You may think your password is secure. Maybe you have chosen an obscure word, mixed in numbers, and added a
! to the end. Think you’re pretty safe, huh?
The truth is, you aren’t. I can crack a 5 character password in less then 139 seconds!
We have been trained over time, by
unproven security techniques, to make our passwords contain numbers and letters; sometimes even an
! is added to the mix.
But the truth is, we are only making it harder on ourselves with passwords that are difficult to remember, but
easy to guess in a brute-force attack (automated hacking software).
Although a 128-character totally random password would be phenomenal, 8 characters is about all that can be enforced without frustrating users. However, an 8-character password comprised of uppercase, lowercase, and numbers can be cracked overnight in a real world brute-force attack.
The Scoop on Alpha-Numeric Passwords
Even though we are trained to think that a password of
Blu3D0g5 is the most secure type of password, it can still be cracked by a brute-force attack.
Bare with me while I explain… with some maths!
For every character in an alpha-numeric password there are
62 possibilities. First, you have the
26 character alphabet in lowercase, then
26 more in uppercase, and
26 + 26 + 10 = 62
This is to say that if you choose 8 characters,
completely at random, your password would be very secure. However, we typically take a familiar word, or couple
of words, and add some uppercase letters, or replace
3, etc… which is
When we calculate the Information Entropy (known as the lack of order or predictability) we can see that a completely random character set is great, but when it is derived from an English word, or contains a date, it is simply terrible. The equation looks like this:
[Password_Length] * log2([Number_of_Possibilities]) = "Information Entropy"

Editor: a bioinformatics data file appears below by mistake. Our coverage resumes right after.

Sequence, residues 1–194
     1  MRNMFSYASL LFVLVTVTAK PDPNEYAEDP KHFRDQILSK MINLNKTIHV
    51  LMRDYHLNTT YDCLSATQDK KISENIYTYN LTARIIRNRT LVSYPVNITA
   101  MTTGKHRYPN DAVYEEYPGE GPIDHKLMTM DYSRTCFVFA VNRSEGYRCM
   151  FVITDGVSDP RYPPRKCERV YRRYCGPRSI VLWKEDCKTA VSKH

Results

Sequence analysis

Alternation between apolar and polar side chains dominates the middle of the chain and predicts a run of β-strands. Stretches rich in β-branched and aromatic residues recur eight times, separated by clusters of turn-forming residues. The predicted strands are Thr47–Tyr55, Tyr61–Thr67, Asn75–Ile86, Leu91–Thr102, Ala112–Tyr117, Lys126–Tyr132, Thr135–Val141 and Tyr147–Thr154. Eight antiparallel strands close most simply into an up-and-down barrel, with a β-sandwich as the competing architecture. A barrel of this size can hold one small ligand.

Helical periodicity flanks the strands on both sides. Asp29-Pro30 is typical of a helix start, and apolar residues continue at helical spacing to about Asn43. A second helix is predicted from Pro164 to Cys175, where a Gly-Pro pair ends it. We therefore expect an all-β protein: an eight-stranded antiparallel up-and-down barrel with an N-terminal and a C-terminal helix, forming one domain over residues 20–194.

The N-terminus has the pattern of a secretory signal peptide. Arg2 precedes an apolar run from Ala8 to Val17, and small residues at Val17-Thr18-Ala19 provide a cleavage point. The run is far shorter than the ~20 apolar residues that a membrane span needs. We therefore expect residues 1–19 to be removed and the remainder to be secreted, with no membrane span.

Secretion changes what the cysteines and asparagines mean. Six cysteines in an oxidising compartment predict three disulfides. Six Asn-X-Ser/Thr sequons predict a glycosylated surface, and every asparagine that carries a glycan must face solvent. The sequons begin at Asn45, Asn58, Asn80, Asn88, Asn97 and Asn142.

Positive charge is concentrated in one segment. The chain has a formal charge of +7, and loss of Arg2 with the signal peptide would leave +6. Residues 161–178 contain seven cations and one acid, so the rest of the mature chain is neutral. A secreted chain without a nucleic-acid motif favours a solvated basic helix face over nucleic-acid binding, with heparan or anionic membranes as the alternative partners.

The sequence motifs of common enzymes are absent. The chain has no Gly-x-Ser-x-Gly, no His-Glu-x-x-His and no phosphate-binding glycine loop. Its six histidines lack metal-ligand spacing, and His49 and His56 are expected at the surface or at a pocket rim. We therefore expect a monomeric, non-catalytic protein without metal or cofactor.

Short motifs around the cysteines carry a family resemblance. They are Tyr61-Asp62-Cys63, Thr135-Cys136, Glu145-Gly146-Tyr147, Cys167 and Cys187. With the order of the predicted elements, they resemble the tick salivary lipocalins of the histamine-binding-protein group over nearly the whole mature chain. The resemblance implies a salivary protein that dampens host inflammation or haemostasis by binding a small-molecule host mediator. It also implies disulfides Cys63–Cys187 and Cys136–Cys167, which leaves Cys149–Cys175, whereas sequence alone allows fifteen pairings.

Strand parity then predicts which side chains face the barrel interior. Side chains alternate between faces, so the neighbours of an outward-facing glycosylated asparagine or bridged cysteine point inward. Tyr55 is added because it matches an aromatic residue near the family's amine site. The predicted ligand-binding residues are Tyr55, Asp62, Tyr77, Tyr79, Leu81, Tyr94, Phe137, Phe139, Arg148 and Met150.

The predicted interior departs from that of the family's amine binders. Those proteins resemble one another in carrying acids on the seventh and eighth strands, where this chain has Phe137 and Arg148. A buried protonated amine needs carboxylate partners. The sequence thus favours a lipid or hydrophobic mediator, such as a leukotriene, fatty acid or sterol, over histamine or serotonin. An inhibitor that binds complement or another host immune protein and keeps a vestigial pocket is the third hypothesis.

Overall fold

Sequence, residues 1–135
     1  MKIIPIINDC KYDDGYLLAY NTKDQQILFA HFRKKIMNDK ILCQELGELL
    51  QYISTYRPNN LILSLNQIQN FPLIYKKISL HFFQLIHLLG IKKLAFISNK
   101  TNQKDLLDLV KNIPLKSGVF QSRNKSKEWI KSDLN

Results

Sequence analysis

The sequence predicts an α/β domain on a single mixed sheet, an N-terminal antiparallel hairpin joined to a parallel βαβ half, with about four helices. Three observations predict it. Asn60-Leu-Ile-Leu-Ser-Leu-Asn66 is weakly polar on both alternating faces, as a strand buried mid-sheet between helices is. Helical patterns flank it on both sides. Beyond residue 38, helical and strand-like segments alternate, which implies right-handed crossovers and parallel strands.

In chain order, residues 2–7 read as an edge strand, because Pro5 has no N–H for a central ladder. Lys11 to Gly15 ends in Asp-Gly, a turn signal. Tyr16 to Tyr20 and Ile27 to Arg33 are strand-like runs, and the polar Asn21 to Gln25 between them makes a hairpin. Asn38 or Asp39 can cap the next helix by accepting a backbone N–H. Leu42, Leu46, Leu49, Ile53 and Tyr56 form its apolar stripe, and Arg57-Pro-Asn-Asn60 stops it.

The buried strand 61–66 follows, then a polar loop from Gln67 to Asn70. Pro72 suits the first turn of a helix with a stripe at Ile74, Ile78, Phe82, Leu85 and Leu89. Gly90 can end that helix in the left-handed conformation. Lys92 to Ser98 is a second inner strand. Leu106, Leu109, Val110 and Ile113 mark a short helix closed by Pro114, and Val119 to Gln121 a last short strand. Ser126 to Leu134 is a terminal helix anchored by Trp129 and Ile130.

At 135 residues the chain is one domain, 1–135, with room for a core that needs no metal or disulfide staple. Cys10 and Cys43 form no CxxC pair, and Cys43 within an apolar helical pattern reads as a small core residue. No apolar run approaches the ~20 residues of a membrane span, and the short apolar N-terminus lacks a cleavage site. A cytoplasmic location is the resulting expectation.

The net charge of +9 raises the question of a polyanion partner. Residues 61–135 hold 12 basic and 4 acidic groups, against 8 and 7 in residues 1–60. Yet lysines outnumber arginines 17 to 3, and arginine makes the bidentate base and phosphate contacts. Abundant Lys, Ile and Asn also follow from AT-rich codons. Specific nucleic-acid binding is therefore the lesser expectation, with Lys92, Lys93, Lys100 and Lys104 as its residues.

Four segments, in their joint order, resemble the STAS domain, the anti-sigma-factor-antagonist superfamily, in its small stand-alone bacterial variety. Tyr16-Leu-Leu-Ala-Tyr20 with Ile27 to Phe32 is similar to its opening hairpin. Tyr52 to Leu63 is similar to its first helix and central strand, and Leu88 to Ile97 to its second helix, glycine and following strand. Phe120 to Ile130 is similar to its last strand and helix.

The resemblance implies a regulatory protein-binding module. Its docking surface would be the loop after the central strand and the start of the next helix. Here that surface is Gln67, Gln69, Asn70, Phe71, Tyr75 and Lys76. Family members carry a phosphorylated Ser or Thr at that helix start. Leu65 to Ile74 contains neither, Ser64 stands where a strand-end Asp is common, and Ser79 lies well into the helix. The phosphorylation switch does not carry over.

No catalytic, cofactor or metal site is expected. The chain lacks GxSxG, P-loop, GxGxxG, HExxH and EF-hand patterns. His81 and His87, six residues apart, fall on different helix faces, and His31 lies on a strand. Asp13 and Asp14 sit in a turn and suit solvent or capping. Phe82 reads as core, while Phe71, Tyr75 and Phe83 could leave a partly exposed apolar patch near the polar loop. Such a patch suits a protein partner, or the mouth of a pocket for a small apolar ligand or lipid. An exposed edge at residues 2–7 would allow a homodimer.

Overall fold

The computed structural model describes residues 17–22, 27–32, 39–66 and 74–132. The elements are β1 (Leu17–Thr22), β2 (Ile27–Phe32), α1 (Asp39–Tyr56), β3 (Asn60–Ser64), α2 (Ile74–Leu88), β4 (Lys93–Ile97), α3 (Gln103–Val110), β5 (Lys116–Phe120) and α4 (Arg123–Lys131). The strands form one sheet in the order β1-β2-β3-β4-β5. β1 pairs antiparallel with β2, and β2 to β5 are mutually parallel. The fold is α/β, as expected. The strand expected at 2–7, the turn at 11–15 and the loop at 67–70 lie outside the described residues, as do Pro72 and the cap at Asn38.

8 * log2(62) = "~48 bits" # which would take almost 9,000 years at 1,000 guesses per second
But, when your password isn’t completely random, it’s not that simple.
Because the password we chose was actually two words,
dogs, with some uppercase and numbers mixed in, the total Entropy is
MUCH less. Something closer to
So let’s calculate what this actually means. A brute-force attacker can easily guess 1,000 times per second. The total number of options to guess can be calculated by taking the base 2 to the total number of bits.
2^28 = 268,435,456 # This is the total number of possibilities the password could be.
In theory though, an attacker only needs to guess about half the total number of options before stumbling upon the correct one. So:
268,435,456 / 2 = 134,217,728 # Total number of guesses it takes to guess your password 134,217,728 / 1,000 = ~134,218 # At 1,000 guesses per second, it takes about 134,218 seconds 134,218 / 60 = ~2,237 # Or 2,237 minutes 2,237 / 60 = ~37 # Or 37 hours to guess your password
Let’s say we use 4
random words, without any numbers, and all lowercase. For example:
basket. There are an incalculable amount of words for you to choose from, but most likely, you will choose from
about 7,000 of the most commonly used words. If you use unique words like
pomological, the total time to crack your password will increase
Using this new data, the Information Entropy is now calculated as:
[Number_of_words] * log2(7,000)
So, this new password now has
~51 bits of Entropy, and using the same time calculations above, we estimate our password would take about
35,702 years to crack at the rate of 1,000 guesses per second.
That is in stark contrast to the short 37 hours it takes to crack the
The Take Away
By simply increasing the length of our passwords and using words randomly mixed together, we can have the most secure passwords
that attackers will struggle to figure out, but that we can actually remember. I personally will never forget
basket as long as I live. However, now I can’t use it.